Australian Citizenship Day

Australian Citizenship Day

This Saturday, 17 September 2022, is Australian Citizenship Day.

Every year on this day, Australia welcomes thousands of new citizens in local communities across the nation. This Saturday, we will welcome more than 5,700 people from over 130 nations at over 70 citizenship ceremonies across the nation.

The day is also an opportunity for us to reflect on our role in the community and how we can contribute to a cohesive and welcoming Australia.

​​​​​​​​​​​​Australian Citizenship Day, 17 September

We celebrate Australian Citizenship Day each year on 17 September.

The day is an opportunity for all Australians to reflect on:

  • the meaning and importance of Australian citizenship
  • responsibilities and privileges we have as citizens.

Whether we are citizens through birth or by active choice, it is a chance for all Australians to:

  • take pride in our citizenship
  • celebrate our democratic values
  • think about what unites us as Australians.

Every year on this day, Australia welcomes thousands of new citizens in local communities across the nation.​

History of Australian Citizenship Day

Australian Citizenship Day was first celebrated in 2001.

The Australian Government established the day in 2001 in response to a recommendation by the Australian Citizenship Council in their 2000 report
Australian Citizenship for a New Century.

The recommendation came from a proposal of the 1999 National Schools Constitutional Convention that a citizenship day be established to allow all Australians to celebrate their Australian citizenship.

17 September was chosen as Australian Citizenship Day as it is the anniversary of the renaming, in 1973, of the
Nationality and Citizenship Act 1948 to the
Australian Citizenship Act 1948. ​

Celebrating Australian Citizenship Day

Since 2001, the Department and local councils promote this day by holding:

  • special citizenship ceremonies
  • affirmation ceremonies
  • other events around the country.​

Schools, organisations and community groups are also encouraged to organise special events and activities.

Australia is one of the most culturally diverse nations in the world. Since 1949, we have welcomed over five million new citizens to our shores.

Our Australian citizenship is the common bond which unites us all.

Through our Australian citizenship, we have a commitment to respect and uphold the values of Australian society which are: ​​

  • respect for the freedom and dignity of the individual;
  • freedom of religion (including the freedom not to follow a particular religion), freedom of speech and freedom of association;
  • commitment to the rule of law, which means that all people are subject to the law and should obey it;
  • parliamentary democracy whereby our laws are determined by parliaments elected by the people, those laws being paramount and overriding any other inconsistent religious or secular “laws”;
  • equality of opportunity for all people, regardless of their gender, sexual orientation, age, disability, race or national or ethnic origin;
  • a ‘fair go’ for all that embraces:
    • mutual respect;
    • tolerance;
    • compassion for those in need;
    • equality of opportunity for all;
  • the English language as the national language, and as an important unifying element of Australian society.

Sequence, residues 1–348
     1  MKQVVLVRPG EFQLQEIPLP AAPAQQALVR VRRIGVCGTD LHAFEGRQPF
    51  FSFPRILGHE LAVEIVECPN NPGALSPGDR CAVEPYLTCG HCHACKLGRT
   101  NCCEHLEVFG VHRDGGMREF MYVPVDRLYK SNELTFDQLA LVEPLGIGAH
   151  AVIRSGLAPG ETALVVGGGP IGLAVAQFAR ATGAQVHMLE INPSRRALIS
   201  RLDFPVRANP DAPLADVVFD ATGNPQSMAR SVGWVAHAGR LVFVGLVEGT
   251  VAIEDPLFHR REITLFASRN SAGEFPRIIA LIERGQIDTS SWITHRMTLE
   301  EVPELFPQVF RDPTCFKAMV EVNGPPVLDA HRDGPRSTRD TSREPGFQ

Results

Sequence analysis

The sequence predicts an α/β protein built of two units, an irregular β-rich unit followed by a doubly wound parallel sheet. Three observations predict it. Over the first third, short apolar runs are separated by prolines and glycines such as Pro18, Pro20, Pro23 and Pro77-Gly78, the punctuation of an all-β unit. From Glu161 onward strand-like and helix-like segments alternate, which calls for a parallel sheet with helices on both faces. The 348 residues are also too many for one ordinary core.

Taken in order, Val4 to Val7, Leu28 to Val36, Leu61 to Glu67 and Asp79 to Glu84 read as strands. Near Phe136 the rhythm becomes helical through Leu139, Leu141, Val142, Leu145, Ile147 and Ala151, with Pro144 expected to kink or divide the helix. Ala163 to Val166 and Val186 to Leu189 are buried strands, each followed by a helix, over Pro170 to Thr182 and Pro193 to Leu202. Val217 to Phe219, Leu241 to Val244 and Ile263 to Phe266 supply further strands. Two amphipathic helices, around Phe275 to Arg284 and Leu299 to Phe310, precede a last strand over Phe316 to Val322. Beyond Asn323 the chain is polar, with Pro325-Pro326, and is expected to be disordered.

Eddie Woo: Hey guys it’s me, Eddie! Remember? Eddie Woo. That maths teacher guy! If you’ve got a sec I wanted to talk to you about Australian citizenship. But before I do, just wanted to loop in some of my friends. Just, hold on.

Nip Wijewickrema: Australian citizenship means a lot to me. It means diversity. It means inclusion. And of course it means acceptance.

Virginia Haussegger: For me citizenship means being part of a big, growing multicultural team. That values men and women equally and respects our difference.

Dion Devow: What being an Australian citizen means to me is that you are now living in a country that is home to the oldest surviving cultures in the world.

Eddie Woo: To me, being Australian is about having the courage to give things a go. And also, to be inclusive and give everyone a go.

Jackie French: What does it mean to be Australian? Care for each other. Care for our children.

Rosie Batty: Being Australian, to me, is about respecting each other no matter who you are or where you’ve come from.

Virginia Haussegger: Australians believe in equality, fairness and freedom. And, we also like to have fun.

Nip Wijewickrema: The values that Australians share is the fact that we are all the same. There is no race – as I say – apart from the human race.

Dion Devow: Australia is enriched by new citizens. By the fact that they bring new meaning, new culture, and a new element to what we call being an Australian in contemporary Australian society

Virginia Haussegger: With every new citizen our beautiful, rich diversity grows even bigger.

Jackie French: There is nothing more wonderful than watching the children of Australia from so many different backgrounds dreaming of what their future is going to be.

Nip Wijewickrema: My message to all our new Australians is to soak it up. We are in a beautiful country that has so much privilege.

Dion Devow: And learn all you can about the richness of all Indigenous Australian cultures.

Virginia Haussegger: Show respect and care for all Aussies.

Jackie French: Give to our children so they can create the new Australia

Rosie Batty: Explore this vast and beautiful country and be adventurous.

Nip Wijewickrema: Let’s use Australian citizenship to show the world we’re united.

Eddie Woo: Wow guys! Thank you so much for sharing your thoughts. Australian citizenship: it really is amazing! Talk to you guys soon. Bye!


Vegemite Picnic


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